In addition to the Five Basics, learning depends on the social, emotional, physical, and mental health of students. There are many systems that come together to support young people’s learning and development, including schools, community organizations, health care providers, and municipal and state agencies. Integrated student supports promote students’ academic success by securing and coordinating supports that target academic and non-academic barriers to achievement through partnership, collaboration, and facilitation of evidence-based programs that support the Whole Child. By utilizing our data, adopting a whole child approach, and building on existing systems of care we will set our children up to succeed both inside and outside of the classroom. Let’s continue to invest in our youth’s social capital through the understanding of the Five Basics, consideration of the Whole Child, and by utilizing existing resources to develop strong and strategic integrated student supports.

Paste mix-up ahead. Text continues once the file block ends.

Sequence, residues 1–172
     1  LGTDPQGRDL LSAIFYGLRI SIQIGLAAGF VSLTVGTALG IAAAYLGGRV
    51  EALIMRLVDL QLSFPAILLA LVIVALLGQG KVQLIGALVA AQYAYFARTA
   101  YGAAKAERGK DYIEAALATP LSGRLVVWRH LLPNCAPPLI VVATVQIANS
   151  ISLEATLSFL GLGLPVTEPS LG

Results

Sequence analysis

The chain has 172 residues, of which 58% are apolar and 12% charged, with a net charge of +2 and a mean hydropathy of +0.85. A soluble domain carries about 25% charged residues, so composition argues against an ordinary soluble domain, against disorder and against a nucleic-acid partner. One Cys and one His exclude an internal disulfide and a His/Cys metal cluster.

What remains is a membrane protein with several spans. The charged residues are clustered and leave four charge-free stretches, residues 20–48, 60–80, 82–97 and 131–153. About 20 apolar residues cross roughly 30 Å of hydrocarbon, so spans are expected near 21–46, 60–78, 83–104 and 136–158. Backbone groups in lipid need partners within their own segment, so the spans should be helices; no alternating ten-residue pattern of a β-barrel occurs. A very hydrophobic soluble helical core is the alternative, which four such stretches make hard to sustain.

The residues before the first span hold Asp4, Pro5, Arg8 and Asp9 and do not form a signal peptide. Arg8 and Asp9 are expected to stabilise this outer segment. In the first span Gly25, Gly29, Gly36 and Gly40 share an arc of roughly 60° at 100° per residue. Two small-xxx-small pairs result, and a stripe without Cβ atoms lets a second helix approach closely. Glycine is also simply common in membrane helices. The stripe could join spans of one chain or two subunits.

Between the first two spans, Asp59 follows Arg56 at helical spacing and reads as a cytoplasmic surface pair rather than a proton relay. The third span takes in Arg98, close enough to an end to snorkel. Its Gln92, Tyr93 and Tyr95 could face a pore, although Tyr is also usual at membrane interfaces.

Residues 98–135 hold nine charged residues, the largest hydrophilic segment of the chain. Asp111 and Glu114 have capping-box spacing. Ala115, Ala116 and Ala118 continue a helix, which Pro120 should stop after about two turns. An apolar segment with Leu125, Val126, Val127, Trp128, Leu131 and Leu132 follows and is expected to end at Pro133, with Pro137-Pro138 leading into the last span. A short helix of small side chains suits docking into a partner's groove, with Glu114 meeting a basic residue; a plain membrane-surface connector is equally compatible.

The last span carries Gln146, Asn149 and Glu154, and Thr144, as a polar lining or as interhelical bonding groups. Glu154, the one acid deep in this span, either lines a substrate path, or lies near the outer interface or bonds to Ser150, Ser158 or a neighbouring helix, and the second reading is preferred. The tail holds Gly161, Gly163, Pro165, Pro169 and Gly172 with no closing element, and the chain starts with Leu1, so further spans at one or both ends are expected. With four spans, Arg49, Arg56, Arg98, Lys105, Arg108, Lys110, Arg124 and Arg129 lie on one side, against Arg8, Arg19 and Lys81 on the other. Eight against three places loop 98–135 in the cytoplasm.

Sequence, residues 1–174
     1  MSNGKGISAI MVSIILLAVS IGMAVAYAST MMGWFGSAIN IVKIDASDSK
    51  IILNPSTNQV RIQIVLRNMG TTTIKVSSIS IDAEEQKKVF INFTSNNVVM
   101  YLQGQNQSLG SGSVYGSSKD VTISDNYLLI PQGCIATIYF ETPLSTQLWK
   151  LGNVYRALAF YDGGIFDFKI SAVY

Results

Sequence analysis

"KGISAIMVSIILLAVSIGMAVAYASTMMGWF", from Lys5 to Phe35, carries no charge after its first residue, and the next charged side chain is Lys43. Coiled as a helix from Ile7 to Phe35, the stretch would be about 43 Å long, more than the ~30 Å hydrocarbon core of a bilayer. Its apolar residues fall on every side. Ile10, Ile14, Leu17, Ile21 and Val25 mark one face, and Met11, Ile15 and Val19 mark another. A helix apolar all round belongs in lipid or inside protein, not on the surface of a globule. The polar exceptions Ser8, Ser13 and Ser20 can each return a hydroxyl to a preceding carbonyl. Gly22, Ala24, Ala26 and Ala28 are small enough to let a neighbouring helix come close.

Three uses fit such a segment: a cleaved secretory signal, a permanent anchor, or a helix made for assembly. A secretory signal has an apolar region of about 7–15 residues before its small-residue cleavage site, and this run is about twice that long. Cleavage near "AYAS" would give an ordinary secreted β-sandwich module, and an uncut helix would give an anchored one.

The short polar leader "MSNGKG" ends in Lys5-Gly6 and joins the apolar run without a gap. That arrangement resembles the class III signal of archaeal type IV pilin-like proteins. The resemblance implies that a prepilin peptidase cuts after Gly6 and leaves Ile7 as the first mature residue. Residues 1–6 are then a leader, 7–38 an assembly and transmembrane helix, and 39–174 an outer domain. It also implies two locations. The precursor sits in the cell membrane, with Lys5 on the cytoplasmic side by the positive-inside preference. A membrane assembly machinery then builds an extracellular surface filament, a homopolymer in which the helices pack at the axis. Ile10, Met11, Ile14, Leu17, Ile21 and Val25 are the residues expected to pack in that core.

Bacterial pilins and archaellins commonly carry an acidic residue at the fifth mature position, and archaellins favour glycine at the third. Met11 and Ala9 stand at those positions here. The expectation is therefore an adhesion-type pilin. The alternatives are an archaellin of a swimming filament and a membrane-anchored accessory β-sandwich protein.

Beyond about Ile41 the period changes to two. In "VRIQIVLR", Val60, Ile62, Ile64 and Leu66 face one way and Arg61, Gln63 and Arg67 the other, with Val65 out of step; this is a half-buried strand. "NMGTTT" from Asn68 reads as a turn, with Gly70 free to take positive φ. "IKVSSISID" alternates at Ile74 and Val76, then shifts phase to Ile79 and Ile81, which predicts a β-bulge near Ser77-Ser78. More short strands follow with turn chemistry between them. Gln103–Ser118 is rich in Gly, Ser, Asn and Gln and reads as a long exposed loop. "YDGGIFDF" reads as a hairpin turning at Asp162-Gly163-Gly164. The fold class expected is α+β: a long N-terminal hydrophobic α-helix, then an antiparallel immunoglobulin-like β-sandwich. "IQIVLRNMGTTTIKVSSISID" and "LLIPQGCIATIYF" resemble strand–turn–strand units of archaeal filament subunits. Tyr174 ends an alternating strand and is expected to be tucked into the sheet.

How does CIS do community building?
We often find ourselves standing in between donors and the communities we serve by perpetuating the notion that the people we serve are “others.” Well, it’s not us and them. It’s just...us. We are one community and each of our fates are tied to one another. It is more critical now than ever to gain the understanding that the well being of “others” is directly related to the wellbeing of ourselves and our community. Chatham County is one of the most charitable counties in the state, but I know we can all do more to see ourselves in each other. The success of our world depends on us all believing that we are all interconnected.
There’s a lot of discussion in the community now about ACES — Adverse Childhood Experiences — and their impact. Can you explore that for us?